Here’s a simple tip that will help you save on laundry detergent. The great thing is, once you do a little research you’ll have the information you need to potentially save money on every load of laundry you do!
Have you ever wondered why laundry detergent manufacturers provide us with such confusing measuring cups? You don’t think it’s so we’ll inadvertently use more than we need to — and thus buy more, do you? Surely they wouldn’t want us to waste their product just to make more profits!
(“They may or they may not be trying to trick us into using more detergent, but don’t call me Shirley!”)
Balancing Eco Friendly Laundry Detergent Choices
One of these days I’m going to try making my own laundry detergent.
For now, though, I use the most eco-friendly phosphate-free detergent I can find in recyclable packaging, at the best price. “70 Loads,” the box proclaims.
Still, it comes with this confusing scoop.
According to the directions, line #1 is for “medium” loads. Is a medium load a regular load of laundry?
“For family size loads, fill scoop to top line.” (Who among us doesn’t wash family size loads of laundry?) But “fill scoop to top line” sounds like you’re supposed to fill the scoop, when the top line isn’t the top of the scoop, it’s the line marked with a ‘2.’
And then, of course, you have the option to fill the scoop all the way to the top.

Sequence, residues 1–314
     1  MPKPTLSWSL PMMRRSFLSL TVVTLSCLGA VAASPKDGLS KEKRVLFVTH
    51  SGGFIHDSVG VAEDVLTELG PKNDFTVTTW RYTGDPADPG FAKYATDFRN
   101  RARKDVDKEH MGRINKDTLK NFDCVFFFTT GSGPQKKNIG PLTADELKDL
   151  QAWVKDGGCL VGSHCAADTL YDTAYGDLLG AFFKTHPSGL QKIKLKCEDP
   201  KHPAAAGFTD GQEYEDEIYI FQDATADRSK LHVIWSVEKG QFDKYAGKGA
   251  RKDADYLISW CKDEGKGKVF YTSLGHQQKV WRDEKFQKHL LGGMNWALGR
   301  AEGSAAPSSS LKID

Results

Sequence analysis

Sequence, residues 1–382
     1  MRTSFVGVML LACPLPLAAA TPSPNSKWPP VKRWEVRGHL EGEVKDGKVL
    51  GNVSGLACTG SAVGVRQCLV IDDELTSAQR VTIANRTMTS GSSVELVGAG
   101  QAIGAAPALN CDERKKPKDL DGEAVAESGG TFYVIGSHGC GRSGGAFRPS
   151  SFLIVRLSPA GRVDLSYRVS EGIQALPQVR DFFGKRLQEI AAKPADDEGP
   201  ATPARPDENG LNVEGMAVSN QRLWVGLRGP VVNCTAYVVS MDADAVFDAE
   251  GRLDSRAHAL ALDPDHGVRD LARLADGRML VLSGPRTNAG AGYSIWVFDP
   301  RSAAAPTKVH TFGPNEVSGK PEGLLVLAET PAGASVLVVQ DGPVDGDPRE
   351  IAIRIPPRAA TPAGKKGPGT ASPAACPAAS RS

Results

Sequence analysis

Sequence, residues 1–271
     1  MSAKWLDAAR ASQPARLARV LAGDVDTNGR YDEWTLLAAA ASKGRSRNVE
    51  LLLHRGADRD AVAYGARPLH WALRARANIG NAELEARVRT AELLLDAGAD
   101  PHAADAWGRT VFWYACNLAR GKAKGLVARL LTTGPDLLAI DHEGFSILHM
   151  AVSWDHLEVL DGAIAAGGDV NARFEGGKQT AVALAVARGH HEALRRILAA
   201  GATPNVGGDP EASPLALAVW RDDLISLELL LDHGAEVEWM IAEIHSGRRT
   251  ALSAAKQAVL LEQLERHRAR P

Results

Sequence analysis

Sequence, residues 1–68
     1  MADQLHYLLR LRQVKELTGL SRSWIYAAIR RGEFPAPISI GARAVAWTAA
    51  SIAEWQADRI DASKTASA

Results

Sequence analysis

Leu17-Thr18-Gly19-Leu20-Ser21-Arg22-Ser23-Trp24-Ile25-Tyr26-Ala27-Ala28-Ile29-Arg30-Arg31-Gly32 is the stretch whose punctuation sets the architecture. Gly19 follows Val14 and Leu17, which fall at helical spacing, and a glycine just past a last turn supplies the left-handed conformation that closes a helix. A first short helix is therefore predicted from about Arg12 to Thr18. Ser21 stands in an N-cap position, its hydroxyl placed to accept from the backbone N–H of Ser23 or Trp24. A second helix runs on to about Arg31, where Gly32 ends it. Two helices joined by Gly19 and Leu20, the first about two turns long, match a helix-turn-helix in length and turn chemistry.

It takes some talent to fill the scoop only to the ‘1’ line. I had to pour some out, then scoop some back in, then sprinkle a little more out. Writing this post made me wonder – how much detergent does it take fill the scoop to Line 1? In my case, it was about 1/3 cup.
Filling the cup to Line #2 took 2/3 of a cup, and filling it to the top was almost a cup.
In other words, if you fill the scoop every time you do a load of laundry, you’ll actually only get 23 or 24 loads out of that 70-load box.
Let’s Do the Math
You readers are so smart, you probably already pay close attention to exactly how much detergent you use.
But if you’ve been a little befuddled as I have, you may want to take a moment to investigate exactly how much detergent you need to do an average load of laundry and carefully measure out just that amount from now on – or even a bit less.
Small adjustments can add up over the long run, especially when many of us reduce our detergent usage a bit, load after load. We’ll all save money and help the environment. Shirley, that’s a win/win for everyone!
I also use the “cold” cycle for most loads, rinse just once, and hang our laundry on the clothesline whenever possible.
How do you manage the laundry operations in your household? Drop a comment below!
P.S. For another simple way to be green and save money, check out our scintillating post on how putting a bottle in our toilet tank saves us 3,000 gallons of water a year!